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WORLD SERIES OF BIRDING - May 13, 2006
The Four Loons Team:
Bill Reaume (Captain), Scott Fraser, Mike Lyman, Art McMorris
Account written by Art McMorris (AKA Arctic Loon, Gavia arctica)
Splash! Thud! Pfffssst! That’s the way our World Series of Birding started this year. Not a welcome sound at the start of a race around the state of New Jersey to find as many species of birds as possible during a 24-hour period, midnight to midnight. Five minutes before the start of the event, our van bottomed out in a hole on a rain-soaked gravel road in Great Swamp National Wildlife Refuge in northern New Jersey, breaking an engine coolant pipe and leaving us with a dead van.
Refusing to let that deter us, we pushed forward with our quest, but with a severely altered game plan. We birded Great Swamp for the next 2 hours, as had been our original plan, getting such great birds as King Rail, Virginia Rail, Sora, American Woodcock, American Bittern, Gray-cheeked Thrush and Willow Flycatcher; but then we had to spend the next five hours nursing the van out of the swamp and onto a paved road, getting a tow, and finding a replacement vehicle, which was (in the words of Bill Reaume, our team Captain), a “very tiny little” Volkswagen GTI. Nevertheless, it had 4 wheels and an intact engine, and we were on our way.
We then proceeded with the northern portion of our planned and scouted route. We first went to the Wantage Grasslands for sparrows, Ring-necked Pheasant, Brown Thrasher and many other grassland and edge species. Our next spot was High Point State Park where we added such goodies as Common Raven, Cooper’s Hawk, Least Flycatcher, Brown Creeper and White-crowned Sparrow, followed by the nearby Stokes State Forest where we picked up Broad-winged Hawk, Louisiana Waterthrush, Hooded Warbler and Cerulean Warbler, among many others. Our next stops at Culvers Lake, Van Ness Road, and a few other locations netted such targets as Golden-winged Warbler, Cliff and Rough-winged Swallows, and Ruby-throated Hummingbird.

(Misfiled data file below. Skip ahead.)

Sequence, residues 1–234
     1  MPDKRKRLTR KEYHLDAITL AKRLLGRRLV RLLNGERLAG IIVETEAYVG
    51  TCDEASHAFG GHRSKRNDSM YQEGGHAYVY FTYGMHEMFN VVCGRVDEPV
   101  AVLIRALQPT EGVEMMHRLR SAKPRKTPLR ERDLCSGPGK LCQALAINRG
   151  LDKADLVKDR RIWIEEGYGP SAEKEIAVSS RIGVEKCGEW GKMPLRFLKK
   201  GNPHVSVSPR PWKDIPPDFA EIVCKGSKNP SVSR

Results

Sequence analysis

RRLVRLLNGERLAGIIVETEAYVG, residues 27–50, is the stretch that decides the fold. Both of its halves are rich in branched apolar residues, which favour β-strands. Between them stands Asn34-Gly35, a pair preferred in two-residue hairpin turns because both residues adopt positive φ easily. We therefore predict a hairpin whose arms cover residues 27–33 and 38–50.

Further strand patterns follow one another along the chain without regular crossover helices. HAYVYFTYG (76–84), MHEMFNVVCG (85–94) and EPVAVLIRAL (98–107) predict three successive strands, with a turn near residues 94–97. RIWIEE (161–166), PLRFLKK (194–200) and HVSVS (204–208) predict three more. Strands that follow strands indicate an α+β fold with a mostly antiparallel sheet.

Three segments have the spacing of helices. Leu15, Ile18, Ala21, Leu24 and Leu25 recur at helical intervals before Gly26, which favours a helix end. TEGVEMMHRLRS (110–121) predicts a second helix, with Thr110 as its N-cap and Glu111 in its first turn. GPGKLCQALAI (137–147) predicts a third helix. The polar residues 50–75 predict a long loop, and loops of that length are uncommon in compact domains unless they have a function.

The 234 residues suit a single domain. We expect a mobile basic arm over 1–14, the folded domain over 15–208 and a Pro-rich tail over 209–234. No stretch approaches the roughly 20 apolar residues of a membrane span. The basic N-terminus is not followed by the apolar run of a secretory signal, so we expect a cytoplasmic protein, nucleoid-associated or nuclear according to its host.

We had now completed the northern portion of our route in the allotted length of time and had found most of our target species, in spite of the fact that we were doing it five hours late, after the critical pre-dawn and dawn hours when many species vocalize for the only time during the day. But the time was now 3:00 PM rather than 10:00 AM. It was obvious that it would be impossible to make the long run down south for our carefully-scouted specialty habitats and southern birds. Determined to make the best of the situation, we decided to go to the less-distant Sandy Hook and to DeKorte Park at Hackensack Meadowlands. We had not scouted either area, but they would give us the ocean and saltmarsh habitats that were now out of reach down south. Sandy Hook yielded such birds as gulls, terns, Brant, Northern Gannet, Double-crested Cormorant and Clapper Rail, whereas DeKorte, with the last rays of the sun, yielded Gadwall, Ruddy Duck, Common Nighthawk, Dunlin, Greater and Lesser Yellowlegs, and Black Skimmer, among others. With darkness now upon us we returned to Great Swamp (probably the only time in World Series of Birding history that a state-wide team has started and finished in the same place!) to try again for Least Bittern and Eastern Screech Owl, but alas, neither chose to make its presence known.
In the end, we didn’t do badly. We found 150 species,
including 24 species of warblers and all but one species each of the rails,
woodpeckers, vireos, swallows and thrushes; and we had some lucky finds, such
as unscouted Common Merganser and Brant. Our total of 150 species was far below
our original goal of 200, but considering that we lost a huge chunk of our day,
and at a very critical time too, and that we had to scrap most of our planned
route, we were quite pleased to pull a successful day out of the jaws of disaster.